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Tax relief for people and businesses affected by hurricanes and wildfires

  • Sep 11, 2020 | Gail Cole

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Natural disasters have become as much a part of August and September as barbecues and back to school. Hurricanes in the Southeast and wildfires in the West regularly drive millions of people from their homes and businesses, as they have this year in California, Colorado, Louisiana, Oregon, Texas, Washington, and elsewhere. Tax relief can’t replace all that’s lost, but it can ease the tax burden for affected businesses and individuals.

In California, Louisiana, and Texas, taxpayers affected by severe weather or fires may be eligible for an extension to file and pay taxes due. Read on for more details. 

Tax relief in California

Governor Gavin Newsom declared a statewide state of emergency on August 18, 2020, and additional states of emergency for Fresno, Madera, Mariposa, San Bernardino, and San Diego counties on September 6, 2020. Taxpayers directly affected by these declared disasters may be eligible for tax return extensions, relief from penalties, interest, or fees for replacement copies of records lost or destroyed during a disaster.

Qualifying taxpayers in declared counties who cannot meet their filing and payment deadlines may be granted an extension of up to three months. Relief isn’t automatic: Taxpayers must submit a relief request online or on paper.

Tax relief in Louisiana

Louisiana taxpayers located in federally declared disaster areas may be eligible for an automatic extension to file and pay taxes. Louisiana Department of Revenue Secretary Kimberly Lewis Robinson explains, “Hurricane Laura brought devastation to many families and businesses across our state, and taxes are the last thing on their minds. With these automatic tax extensions in place, those families and businesses can focus on the rebuilding process.”

Qualifying taxpayers have until November 30, 2020, to file returns and submit payments for sales and use tax, severance and excise tax, and withholding tax returns and payments due between August 24 and November 2, 2020. The extended due date for corporate income and franchise tax, individual income tax, fiduciary income tax, partnership tax, and partnership composite tax returns and payments due between August 24 and November 2, 2020, is December 31, 2020.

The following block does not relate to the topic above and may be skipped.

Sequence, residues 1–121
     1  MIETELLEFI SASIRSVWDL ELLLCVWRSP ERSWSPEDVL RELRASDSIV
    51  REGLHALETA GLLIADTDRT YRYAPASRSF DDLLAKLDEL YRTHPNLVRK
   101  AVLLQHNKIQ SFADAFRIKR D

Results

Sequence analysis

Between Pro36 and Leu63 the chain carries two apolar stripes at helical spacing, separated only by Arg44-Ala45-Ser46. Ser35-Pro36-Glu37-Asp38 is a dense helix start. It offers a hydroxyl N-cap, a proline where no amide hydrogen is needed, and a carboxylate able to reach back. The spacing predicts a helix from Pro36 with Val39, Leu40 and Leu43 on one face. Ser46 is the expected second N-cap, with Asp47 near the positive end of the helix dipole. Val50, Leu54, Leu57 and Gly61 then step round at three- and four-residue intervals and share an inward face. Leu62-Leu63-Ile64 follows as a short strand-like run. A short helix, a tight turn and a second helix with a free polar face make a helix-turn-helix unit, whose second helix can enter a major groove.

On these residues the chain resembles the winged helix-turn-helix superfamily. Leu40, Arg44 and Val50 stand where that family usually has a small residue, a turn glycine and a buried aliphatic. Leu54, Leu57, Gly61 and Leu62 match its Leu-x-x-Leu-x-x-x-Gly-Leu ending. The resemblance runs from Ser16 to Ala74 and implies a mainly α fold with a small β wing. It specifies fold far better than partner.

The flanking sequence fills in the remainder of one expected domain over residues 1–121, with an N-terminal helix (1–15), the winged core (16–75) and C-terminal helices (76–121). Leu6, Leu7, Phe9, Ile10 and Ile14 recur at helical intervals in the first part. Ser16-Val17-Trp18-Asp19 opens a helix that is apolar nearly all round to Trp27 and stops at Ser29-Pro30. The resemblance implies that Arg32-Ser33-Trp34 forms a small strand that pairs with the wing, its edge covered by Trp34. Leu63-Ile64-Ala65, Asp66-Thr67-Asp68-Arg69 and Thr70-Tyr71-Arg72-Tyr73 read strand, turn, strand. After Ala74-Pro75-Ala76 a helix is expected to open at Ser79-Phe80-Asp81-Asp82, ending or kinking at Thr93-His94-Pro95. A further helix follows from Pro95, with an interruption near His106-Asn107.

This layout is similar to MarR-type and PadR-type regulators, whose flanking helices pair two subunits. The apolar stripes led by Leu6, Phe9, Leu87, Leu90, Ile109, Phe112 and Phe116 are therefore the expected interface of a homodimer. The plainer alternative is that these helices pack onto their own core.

Taxpayers must be in good standing to qualify for the relief. According to the Louisiana Department of Revenue (LDR), “If penalties or interest began accruing on the return or tax before Aug. 24, 2020, the taxpayer will not be eligible for this relief.”

As of September 8, 2020, declared disaster areas include Acadia, Allen, Beauregard, Calcasieu, Cameron, Grant, Jackson, Jefferson Davis, Lincoln, Natchitotches, Ouachita, Rapides, Sabine, Vermillion, Vernon, and Winn parishes. LDR may add to that list if more parishes are declared federal disaster areas.

Tax relief in Texas

Taxpayers with a business or residence in counties hit hard by Hurricane Hanna or Hurricane Laura may be eligible for tax relief. To secure it, they must apply for an extension from the Texas Comptroller. Extensions will be granted in 30-day increments, and taxpayers may request up to three extensions (for a total of 90 days).

Governor Greg Abbott has issued disaster proclamations for the following counties: Anderson, Angelina, Aransas, Bee, Bexar, Bowie, Brazoria, Brooks, Calhoun, Cameron, Camp, Cass, Chambers, Cherokee, Dallas, Dimmit, Duval, Ellis, Fort Bend, Franklin, Galveston, Goliad, Gregg, Grimes, Hardin, Harris, Harrison, Hidalgo, Houston, Jackson, Jasper, Jefferson, Jim Hogg, Jim Wells, Kenedy, Kleberg, La Salle, Liberty, Leon, Live Oak, Madison, Marion, Matagorda, McMullen, Montgomery, Morris, Nacogdoches, Newton, Nueces, Orange, Panola, Polk, Red River, Refugio, Rusk, Sabine, San Augustine, San Jacinto, San Patricio, Shelby, Smith, Starr, Tarrant, Titus, Travis, Trinity, Tyler, Upshur, Victoria, Walker, Waller, Webb, Wharton, Willacy, Wood, and Zapata (see Disaster Declarations for Hurricane Hanna and Hurricane Laura).

Taxpayers in need of an extension must provide the following information to ExtensionRequests@cpa.texas.gov:

  • Taxpayer name
  • Taxpayer number
  • Tax type(s) for the extension requested
  • Affected filing period(s)
  • Name and phone number of the individual making the request

Tax relief in other states

Tax officials in Colorado, Oregon, Washington, and other affected states have announced no disaster-related tax relief as of this writing, though that could change at any moment. Check the following websites for the most up-to-date information:

Moving sales tax compliance to the cloud can help ease tax compliance worries at all times. 

Stay safe.


Sales tax rates, rules, and regulations change frequently. Although we hope you'll find this information helpful, this blog is for informational purposes only and does not provide legal or tax advice.
Avalara Author
Gail Cole
Avalara Author Gail Cole
Gail Cole is a Senior Writer at Avalara. She’s on a mission to uncover unusual tax facts and make complex laws and legislation more digestible for accounting and business professionals.